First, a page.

class D : public CRTP::Base<Interface>::Derived<D, Fake>
{
    friend typename CRTP::Friend<Interface, D>::Base;
    void f() {}
};

Note that A, B, C & D are declared as class. That is, all their members are private.

Follows is some code that uses the above classes.

template <typename... Args>
void invoke(Interface<Args...> & base)
{
    base.f();
}

int main(int, char *[])
{
    {
        A derived;

        //Direct invocation through cast to base (derived.f() is private)
        static_cast<A::CRTP &>(derived).f();

        //Invocation through template function accepting the base
        invoke(derived);
    }

    {
        B<int> derived;
        static_cast<B<int>::CRTP &>(derived).f();
        invoke(derived);
    }

    {
        C<void> derived;
        static_cast<C<void>::CRTP &>(derived).f();
        invoke(derived);
    }

    {
        D<void> derived;
        static_cast<D<>::CRTP &>(derived).f();
        invoke(derived);
    }

    return 0;
}

The invoke free-standing templated function works for any class derived from the base. Also shown is how to cast the derived to the base without the need to actually specify the name of the base. Surprisingly, this does not depend on any system headers.

The full code is available here: https://gist.github.com/equilibr/b27524468a0519aad37abc060cb8bc2b

Comments and corrections are welcome.

How to Turn a Hierarchy of Virtual Methods into a CRTP, After having defined the basics on CRTP in episode #1 of the series, let's consider Why not use template non-member functions that could operate on any In this regard, the derived class offers an interface to the base class. You can see this by changing the access in the derived classes to protected. Protected members that are not declared as static are accessible to friends and member functions in a derived class only through a pointer to, reference to, or object of the derived class. For related information, see friend , public , private , and the member-access table in Controlling Access to Class Members .

What the Curiously Recurring Template Pattern can bring to your , Not even accessing the members of a derived class. The CRTP is an idiom in C++ in which a class let's call it X derives from a class { ++_createdObjects; ++_aliveObjects; } protected: ~counter() // objects should never be  CRTP with Protected Derived Member (1) It's not a problem at all and is solved with one line in derived class: friend class Base< Derived >; #include <iostream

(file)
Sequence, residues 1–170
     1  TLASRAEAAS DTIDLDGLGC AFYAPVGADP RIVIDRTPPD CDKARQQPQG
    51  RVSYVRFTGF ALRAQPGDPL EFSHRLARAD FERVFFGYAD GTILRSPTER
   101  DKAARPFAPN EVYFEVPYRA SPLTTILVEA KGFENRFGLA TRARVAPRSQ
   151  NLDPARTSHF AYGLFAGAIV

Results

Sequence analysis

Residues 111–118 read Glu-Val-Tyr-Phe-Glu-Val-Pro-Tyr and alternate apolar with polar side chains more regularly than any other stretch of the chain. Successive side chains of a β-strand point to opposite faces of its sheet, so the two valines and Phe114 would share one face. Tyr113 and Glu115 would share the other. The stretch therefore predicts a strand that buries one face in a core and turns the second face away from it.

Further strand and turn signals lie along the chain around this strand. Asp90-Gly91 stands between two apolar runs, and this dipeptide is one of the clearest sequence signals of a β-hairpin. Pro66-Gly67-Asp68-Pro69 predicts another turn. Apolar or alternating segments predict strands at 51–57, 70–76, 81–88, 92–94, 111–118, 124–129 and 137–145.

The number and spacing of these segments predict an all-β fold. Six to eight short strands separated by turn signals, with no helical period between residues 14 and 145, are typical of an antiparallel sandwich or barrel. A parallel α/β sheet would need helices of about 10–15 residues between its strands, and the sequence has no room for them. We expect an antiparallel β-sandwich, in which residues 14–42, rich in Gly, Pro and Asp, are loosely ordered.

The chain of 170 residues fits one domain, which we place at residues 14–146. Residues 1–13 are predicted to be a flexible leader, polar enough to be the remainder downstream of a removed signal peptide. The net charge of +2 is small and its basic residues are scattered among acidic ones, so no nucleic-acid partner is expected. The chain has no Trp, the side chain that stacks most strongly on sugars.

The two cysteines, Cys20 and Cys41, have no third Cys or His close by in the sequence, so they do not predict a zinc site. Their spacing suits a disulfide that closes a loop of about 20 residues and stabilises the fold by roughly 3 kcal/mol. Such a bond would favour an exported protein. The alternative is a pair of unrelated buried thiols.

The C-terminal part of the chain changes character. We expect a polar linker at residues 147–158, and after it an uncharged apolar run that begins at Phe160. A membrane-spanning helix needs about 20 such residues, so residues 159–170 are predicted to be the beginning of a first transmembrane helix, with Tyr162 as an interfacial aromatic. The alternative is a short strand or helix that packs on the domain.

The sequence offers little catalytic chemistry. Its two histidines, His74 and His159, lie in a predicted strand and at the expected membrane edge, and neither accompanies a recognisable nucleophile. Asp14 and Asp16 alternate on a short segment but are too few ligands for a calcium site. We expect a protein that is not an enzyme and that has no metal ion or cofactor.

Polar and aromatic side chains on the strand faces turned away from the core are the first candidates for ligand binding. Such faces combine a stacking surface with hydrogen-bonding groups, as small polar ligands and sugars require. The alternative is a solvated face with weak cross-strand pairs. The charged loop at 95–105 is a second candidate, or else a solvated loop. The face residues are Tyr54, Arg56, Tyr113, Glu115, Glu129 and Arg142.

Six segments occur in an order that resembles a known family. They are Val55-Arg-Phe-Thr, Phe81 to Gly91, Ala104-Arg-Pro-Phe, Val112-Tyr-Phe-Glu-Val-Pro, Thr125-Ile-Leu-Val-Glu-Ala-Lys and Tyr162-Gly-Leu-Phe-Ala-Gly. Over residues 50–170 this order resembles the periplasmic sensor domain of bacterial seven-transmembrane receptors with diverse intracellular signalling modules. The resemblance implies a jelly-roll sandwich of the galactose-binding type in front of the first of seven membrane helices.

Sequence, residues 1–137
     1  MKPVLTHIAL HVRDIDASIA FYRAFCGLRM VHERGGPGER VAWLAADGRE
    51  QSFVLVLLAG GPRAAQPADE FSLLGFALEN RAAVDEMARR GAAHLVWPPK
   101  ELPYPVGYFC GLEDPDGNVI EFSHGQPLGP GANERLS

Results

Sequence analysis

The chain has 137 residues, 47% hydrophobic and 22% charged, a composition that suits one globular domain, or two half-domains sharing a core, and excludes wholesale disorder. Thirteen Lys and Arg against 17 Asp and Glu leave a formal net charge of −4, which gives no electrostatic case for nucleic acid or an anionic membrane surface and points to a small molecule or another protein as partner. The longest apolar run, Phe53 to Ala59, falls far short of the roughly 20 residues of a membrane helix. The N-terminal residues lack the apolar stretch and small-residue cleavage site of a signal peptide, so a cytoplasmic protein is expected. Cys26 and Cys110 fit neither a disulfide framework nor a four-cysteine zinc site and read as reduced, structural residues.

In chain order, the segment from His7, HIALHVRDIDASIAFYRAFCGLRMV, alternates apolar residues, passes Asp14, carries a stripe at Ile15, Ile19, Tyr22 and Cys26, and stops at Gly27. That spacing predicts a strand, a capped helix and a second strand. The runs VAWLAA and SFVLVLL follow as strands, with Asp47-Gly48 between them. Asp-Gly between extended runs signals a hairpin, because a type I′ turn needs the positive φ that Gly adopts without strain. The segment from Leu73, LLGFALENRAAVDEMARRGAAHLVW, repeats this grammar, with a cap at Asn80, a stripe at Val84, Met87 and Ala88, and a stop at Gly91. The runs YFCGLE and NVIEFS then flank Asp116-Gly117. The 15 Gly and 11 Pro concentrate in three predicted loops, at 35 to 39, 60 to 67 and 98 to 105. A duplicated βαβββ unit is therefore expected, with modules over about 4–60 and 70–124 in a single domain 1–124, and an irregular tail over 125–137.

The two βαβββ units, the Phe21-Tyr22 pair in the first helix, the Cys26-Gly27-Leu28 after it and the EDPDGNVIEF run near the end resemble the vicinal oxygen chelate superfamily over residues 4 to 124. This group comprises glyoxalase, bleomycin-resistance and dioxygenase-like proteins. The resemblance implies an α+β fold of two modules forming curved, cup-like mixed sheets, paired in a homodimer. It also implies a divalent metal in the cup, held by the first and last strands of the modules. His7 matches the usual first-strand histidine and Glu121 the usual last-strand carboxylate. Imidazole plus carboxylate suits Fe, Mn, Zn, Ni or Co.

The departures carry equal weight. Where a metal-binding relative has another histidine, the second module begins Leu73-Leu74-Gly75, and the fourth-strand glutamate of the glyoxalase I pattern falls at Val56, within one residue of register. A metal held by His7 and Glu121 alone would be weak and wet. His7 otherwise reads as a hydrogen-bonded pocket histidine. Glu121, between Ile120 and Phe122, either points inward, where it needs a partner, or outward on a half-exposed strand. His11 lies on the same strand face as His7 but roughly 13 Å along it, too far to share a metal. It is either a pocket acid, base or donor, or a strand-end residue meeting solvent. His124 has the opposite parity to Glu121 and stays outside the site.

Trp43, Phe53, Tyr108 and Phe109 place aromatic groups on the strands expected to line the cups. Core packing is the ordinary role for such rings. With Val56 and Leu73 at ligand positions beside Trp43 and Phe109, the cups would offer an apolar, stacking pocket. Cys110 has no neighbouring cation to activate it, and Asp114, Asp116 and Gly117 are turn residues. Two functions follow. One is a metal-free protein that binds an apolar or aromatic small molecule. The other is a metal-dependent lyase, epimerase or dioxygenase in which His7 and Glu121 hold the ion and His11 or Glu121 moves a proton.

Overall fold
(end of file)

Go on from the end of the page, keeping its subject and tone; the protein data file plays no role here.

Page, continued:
The Curiously Recurring Template Pattern (CRTP), members. It adds boilerplate. Worst, it's impossible in multi-level CRTP: > the derived class must know the specific base wanting friendship. After reading the posts on the curiously recurring template pattern, I’m wondering how to (expressively) implement this with 3 or more classes. Say, you have 3 classes, A, B, C, and that C is derived from B which is derived from A, and, say, both B and A used to be pure virtual classes.

CRTP access, The short answer is yes, just make them public in the base class. Inherited constructors have the same accessibility in the derived class as they  A protected member is accessible within its class and by derived class instances. For a comparison of protected with the other access modifiers, see Accessibility Levels. Example. A protected member of a base class is accessible in a derived class only if the access occurs through the derived class type. For example, consider the following code

Comments
  • Are you talking about something other than public interface/protected implementation, which would be my first suggestion? Can you provide a more concrete example of the higher-level problem you're trying to solve with CRTP?
  • Isn't this what virtual functions are for?
  • @BoPersson, virtual functions are for run-time polymorphism, CRTP is for compile-time polymorphism. There's room in the world for both. See en.wikipedia.org/wiki/Curiously_recurring_template_pattern
  • @Mark - There sure is, but if the requirement is to call a protected function in a derived class, virtuals look like a good fit. :-)
  • ^ Not when the CRTP is often used to avoid virtuals. Anyway, I really don't see a question here. It only briefly mentioned the usual method of using friend, then asked whether something else was available, without explaining what's wrong with the established solution.